By Idil Samatar and Emma Veľasová

What is Bainounk language?

Before we begin, we need to explain that Bainounk is an umbrella term for a group of languages and dialects that are related to each other (Lupke, 2010). The Bainounk languages are spoken in the linguistically diverse region of Casamance, which resides in Southern Senegal bordering the Gambia and Nothern Guinea Bissau (Cobbinah, 2010). There are around 15 to 20 000 speakers of the Bainounk languages (Cobbinah, 2010), but it is important to mention that this number varies depending on the source. Moreover, all the Bainounk languages are considered endangered, and there are different factors to explain why. 

Factors of Endagerment

The factors that we have identified are historical, socio-economic, practical, and educational. To begin with the historical factors, both the Bainounk and the Kasanga people are considered to be indigenous to the Casamance region (Lupke, 2010). However, the region started to experience an influx of settlers from different ethnolinguistic groups, and along with wars with neighboring communities, this led to an increase of Joola and Mandinka speakers (Lupke, 2010). The loss of territory and the influx of Joola and Mandinka speakers started a linguistic assimilation process for the Bainounk speakers (Lupke, 2010). Another important historical factor is that the Bainkouk speakers were among the people who were most affected and subjected to the slave trade and as such the community lost many of its speakers (Lupke, 2010).

Moving on to more contemporary reasons for the declining numbers of Bainounk speakers there are the socioeconomic and practical factors. First, the youth members of the Bainounk communities tend to migrate to cities for both educational and economic advancements (Lupke, 2010). In addition to that, the Bainounk speakers have little interaction with other Bainounk variants as they are not mutually intelligible. Even members of BOREPAB, an indigenous organization aimed at protecting the Bainounk language, communicate in French because they do not usually speak other than their own variant of Bainounk (Lupke, 2010). Finally, in terms of education, there is a low literacy rate in Bainounk. In fact, as was discovered by Lupke, only a fifth of the Bainounk speakers have literacy skills in their native tongue, since French (the colonial language) is used in more formal settings such as education (Lupke, 2010). Improving literacy in Bainounk, producing more books, and teaching young people to write in Bainounk is perceived by the speakers themselves to be the most efficient way to protect the language.

The Position of Bainounk among Other Languages

Today, French and Wolof are being utilized more as lingua franca in Senegal, including the Casamance region (Lupke, 2010). As mentioned, the Bainounk communities are linguistically diverse, and you can see in the graph above the different languages spoken by the Bainounk communities. In the graph, we can see how young people are becoming more linguistically diverse, but according to Lupke’s research, they do not see this multilingualism as a threatening factor to the existence of Bainounk. They also see the Mandinka and Joola languages are a part of their identity. Instead, a majority of the Bainounk communities believe that it is important to work on their literacy skills in Bainounk. Finally, they seem very hopeful about their future, and they believe that their communities will always speak their native languages (Lupke, 2010).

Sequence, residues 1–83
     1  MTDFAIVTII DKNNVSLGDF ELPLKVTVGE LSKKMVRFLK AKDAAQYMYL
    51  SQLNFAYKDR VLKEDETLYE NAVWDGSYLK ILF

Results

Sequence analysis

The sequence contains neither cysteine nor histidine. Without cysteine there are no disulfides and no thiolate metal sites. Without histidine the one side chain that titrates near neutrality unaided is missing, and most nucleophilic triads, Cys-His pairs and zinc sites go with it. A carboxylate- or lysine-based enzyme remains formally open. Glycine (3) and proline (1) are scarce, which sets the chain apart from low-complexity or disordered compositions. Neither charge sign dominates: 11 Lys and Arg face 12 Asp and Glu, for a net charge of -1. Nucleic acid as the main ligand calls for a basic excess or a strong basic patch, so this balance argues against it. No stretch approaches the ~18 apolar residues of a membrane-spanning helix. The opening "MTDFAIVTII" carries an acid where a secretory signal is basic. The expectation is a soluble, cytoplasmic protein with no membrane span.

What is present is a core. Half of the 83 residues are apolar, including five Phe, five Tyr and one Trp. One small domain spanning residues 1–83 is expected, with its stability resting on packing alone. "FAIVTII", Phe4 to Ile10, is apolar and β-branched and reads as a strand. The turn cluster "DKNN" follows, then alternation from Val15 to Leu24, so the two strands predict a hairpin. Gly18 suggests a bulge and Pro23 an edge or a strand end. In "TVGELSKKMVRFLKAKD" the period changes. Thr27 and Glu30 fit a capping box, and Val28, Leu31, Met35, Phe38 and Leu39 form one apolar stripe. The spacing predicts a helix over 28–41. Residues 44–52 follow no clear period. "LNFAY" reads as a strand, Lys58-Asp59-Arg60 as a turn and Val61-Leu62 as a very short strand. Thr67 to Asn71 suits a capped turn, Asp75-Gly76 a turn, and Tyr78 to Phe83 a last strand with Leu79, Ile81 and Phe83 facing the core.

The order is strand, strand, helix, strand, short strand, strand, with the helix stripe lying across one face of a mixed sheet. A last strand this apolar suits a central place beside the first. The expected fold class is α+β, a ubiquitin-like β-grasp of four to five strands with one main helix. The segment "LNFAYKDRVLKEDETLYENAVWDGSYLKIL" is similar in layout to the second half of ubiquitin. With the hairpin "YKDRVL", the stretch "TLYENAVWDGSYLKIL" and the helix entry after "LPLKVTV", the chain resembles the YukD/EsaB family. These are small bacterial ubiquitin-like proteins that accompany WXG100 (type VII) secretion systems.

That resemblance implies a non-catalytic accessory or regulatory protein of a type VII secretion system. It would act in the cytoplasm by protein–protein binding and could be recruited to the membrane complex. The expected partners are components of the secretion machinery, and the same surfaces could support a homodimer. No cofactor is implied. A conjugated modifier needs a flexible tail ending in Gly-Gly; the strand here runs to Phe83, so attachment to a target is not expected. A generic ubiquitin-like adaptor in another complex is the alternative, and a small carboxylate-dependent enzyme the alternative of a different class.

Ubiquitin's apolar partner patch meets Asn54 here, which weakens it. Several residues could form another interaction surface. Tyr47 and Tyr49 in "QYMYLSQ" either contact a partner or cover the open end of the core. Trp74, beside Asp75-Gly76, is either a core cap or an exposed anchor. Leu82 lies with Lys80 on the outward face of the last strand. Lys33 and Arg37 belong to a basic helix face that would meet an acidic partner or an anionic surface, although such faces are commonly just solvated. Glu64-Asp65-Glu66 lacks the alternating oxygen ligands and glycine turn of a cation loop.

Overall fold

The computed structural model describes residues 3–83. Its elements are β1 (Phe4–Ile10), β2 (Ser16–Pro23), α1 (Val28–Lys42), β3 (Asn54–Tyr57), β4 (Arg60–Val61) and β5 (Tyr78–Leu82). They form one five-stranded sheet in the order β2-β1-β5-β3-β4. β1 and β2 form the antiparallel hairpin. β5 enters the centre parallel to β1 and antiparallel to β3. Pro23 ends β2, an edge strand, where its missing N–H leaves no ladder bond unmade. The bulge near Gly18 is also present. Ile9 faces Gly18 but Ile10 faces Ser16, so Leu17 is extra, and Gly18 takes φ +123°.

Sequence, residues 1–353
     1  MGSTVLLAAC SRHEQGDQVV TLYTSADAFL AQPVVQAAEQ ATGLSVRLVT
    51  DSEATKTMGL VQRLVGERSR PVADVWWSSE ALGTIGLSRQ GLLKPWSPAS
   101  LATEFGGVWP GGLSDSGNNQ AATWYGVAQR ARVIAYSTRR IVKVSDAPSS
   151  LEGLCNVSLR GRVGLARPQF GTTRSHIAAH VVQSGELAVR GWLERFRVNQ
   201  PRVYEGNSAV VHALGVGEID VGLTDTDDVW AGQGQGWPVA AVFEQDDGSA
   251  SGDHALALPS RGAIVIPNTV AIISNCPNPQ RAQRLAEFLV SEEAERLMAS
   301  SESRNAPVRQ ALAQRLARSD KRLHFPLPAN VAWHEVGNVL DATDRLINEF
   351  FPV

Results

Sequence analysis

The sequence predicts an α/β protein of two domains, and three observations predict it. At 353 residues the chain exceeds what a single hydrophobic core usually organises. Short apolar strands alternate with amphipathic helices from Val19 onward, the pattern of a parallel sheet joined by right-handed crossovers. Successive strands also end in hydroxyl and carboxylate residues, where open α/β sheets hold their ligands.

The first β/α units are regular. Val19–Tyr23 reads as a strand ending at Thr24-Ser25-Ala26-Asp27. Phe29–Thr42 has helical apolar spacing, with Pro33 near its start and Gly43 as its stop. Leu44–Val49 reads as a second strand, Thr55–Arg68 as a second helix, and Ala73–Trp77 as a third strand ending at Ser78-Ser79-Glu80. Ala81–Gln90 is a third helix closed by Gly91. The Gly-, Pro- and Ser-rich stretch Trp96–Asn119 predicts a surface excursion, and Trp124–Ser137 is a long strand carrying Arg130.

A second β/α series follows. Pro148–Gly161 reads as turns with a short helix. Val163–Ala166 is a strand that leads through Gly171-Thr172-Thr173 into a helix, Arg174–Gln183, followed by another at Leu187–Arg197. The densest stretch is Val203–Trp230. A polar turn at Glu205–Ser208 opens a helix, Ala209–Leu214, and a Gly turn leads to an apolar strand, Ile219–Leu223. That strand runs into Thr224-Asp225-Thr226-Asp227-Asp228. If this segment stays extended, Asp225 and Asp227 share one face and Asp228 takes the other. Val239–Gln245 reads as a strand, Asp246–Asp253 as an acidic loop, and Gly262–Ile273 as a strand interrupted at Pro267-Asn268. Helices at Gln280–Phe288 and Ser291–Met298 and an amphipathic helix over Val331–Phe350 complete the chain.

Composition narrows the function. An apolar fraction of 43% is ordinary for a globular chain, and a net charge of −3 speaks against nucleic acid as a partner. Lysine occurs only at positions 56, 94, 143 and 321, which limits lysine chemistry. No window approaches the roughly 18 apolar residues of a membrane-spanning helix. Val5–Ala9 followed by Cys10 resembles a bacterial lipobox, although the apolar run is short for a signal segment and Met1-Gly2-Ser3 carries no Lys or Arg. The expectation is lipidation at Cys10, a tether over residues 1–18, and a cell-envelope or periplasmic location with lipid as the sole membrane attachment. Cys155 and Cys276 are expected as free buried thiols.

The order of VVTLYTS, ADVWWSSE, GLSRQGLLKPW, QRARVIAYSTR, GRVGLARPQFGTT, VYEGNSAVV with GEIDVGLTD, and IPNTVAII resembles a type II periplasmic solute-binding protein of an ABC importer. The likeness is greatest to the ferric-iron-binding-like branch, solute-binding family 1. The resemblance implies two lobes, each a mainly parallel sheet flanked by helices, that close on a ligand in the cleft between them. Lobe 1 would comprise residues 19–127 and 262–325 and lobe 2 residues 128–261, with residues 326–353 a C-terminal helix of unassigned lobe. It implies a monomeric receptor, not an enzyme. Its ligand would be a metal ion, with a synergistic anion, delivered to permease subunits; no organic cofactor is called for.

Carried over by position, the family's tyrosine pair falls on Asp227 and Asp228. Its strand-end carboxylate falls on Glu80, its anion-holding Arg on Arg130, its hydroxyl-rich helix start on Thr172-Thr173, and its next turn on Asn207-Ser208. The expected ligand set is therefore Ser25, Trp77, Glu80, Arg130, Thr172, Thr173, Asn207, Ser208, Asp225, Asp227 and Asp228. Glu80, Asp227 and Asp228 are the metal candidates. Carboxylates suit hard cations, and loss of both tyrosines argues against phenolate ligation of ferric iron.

The same text in three main variants of Bainouk from Lupke (2010).


The Bainounk languages are by far not the only indigenous language that is slowly disappearing as a result of migration and power relations. Luckily it has received considerable attention from researchers such as Lupke and Cobineh, and platforms such as DOBES (Documentation of Endangered Languages) and ELP (Endangered Languages Project), as well as local efforts to preserve Bainounk language in particular BOREPAB (Bureau d’Organisation, de Recherche, et d’Etude du Patrimoine Baïnounk). However, there are many languages that barely receive any attention despite the linguistic value they have, but also the richness of indigenous knowledge and heritage that is being transferred through these endangered languages. As researchers, but also simply as humans living in the 21st century, we should be more attentive and sensitive to the concept of language endangerment. Either by learning these indigenous languages, supporting the art and literature conveyed in the specific language, or simply by not expecting everyone will learn the dominant language just to communicate with us. The respect and appreciation need not only to come from linguists and cultural heritage organizations, but also from us, ordinary people, who see and understand the richness and value of linguistic diversity, and language as a means to shape knowledge, identity, and even the future.


Cobbinah, Alexander. 2010. “The Casamance as an Area of Intense Language Contact: The Case of Bainounk Gubaher.” Journal of Language Contact 3(1): 175–202.

DOBES. 2017. “Bainounk.” Last modified June 18, 2017.

Lupke, Friederike. 2010. “Language and Identity in Flux: In Search of Bainounk.” Journal of Language Contact 3 (1): 153–74.

Weidl, Miriam Maria. 2022. “Which multilingualism do you speak? Translanguaging as an integral part of individuals' lives in Casamance, Senegal.” Journal of the British Academy 10 (4): 41-67.